I remember when I first started shooting Super 8 film in college. It was so simple, pretty much just frame and shoot. Lovely, fun, and fast. Of course as I gained experience and practice, there was so much more I wanted to make choices over. Lighting, focus – ooopppps Need to start moving up to larger formats, guess that is a choice, etc. I learned, I grew, I make choices, and I know there are choices to be made. Creative choices, ways of doing things, old ways, and new ways to discover. Not just what some engineer who doesn’t make films thinks is a cool thing. Which is also why on the high end, film manufacturers and film camera manufacturers have ALWAYS listened to the people using their film and gear. Only relatively recently have the “digital” camera manufacturers started to listen- oddly enough this new found listening coincides with digital capture becoming acceptable as a cinematic tool.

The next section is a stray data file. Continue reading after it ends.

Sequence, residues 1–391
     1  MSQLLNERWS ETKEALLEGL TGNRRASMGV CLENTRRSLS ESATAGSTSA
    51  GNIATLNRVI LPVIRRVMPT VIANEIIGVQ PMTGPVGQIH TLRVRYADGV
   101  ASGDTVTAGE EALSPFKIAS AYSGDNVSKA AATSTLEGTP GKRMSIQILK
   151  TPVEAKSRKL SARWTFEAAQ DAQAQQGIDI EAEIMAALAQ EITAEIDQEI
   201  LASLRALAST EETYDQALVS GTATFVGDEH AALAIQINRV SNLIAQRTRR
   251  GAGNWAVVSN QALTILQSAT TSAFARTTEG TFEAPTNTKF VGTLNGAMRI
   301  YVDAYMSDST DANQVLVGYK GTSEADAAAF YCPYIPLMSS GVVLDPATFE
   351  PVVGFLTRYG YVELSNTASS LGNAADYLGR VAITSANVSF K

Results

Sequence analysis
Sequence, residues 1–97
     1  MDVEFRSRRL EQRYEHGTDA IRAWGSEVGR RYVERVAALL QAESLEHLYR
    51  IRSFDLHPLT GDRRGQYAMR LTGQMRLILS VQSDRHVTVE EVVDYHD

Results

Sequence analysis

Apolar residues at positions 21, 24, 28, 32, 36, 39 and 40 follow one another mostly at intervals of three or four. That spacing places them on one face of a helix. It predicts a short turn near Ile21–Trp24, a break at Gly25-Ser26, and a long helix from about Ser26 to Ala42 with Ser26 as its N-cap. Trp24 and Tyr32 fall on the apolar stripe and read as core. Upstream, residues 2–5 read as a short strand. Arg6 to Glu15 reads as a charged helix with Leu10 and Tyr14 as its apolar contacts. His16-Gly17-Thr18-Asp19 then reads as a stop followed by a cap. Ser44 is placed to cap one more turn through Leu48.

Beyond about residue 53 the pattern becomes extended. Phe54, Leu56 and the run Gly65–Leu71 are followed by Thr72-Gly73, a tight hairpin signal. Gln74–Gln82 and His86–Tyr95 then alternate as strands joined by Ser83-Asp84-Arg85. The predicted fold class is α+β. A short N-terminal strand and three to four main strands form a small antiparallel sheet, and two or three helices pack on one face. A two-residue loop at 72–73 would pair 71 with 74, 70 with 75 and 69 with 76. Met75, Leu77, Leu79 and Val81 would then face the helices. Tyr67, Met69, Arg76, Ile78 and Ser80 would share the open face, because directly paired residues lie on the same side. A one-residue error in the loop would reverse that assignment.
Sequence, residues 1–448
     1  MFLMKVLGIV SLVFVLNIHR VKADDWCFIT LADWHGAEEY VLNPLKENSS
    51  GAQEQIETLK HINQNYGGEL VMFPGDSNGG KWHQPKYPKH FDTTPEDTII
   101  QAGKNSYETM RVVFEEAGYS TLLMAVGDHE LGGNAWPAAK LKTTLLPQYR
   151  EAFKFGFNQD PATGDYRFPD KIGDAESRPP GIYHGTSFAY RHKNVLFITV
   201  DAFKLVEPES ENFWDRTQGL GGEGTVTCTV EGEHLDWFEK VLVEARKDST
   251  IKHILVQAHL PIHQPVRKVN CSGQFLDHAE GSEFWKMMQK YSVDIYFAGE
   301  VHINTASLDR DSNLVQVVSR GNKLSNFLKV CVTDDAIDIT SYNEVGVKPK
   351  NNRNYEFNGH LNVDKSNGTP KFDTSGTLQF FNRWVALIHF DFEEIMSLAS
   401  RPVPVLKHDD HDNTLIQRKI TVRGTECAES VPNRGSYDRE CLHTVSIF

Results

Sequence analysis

Now an engineer, while creating automatic features, is working within a very narrow scope, the camera isn’t really making choices about the shot, just following a simple set of instructions, that have no way of taking into account, when in the film the shot is taking place, where in the world the shot is, what is going on in the movie at the time, where the camera is placed or why it is placed there? What the character is doing, going through, feeling, what is the color of the wall, the lighting of the scene? What the shot is supposed to mean or convey in the context of the scene. Sometimes you have no other option, you have to use the auto focus or auto exposure, or this scene mode or that one, so you do what you can try to find a way it works in context of the film, but it’s going to affect your finished project, and it isn’t really a choice so much as a surrender. Make a choice, for good, bad, right or wrong, make a choice – don’t surrender.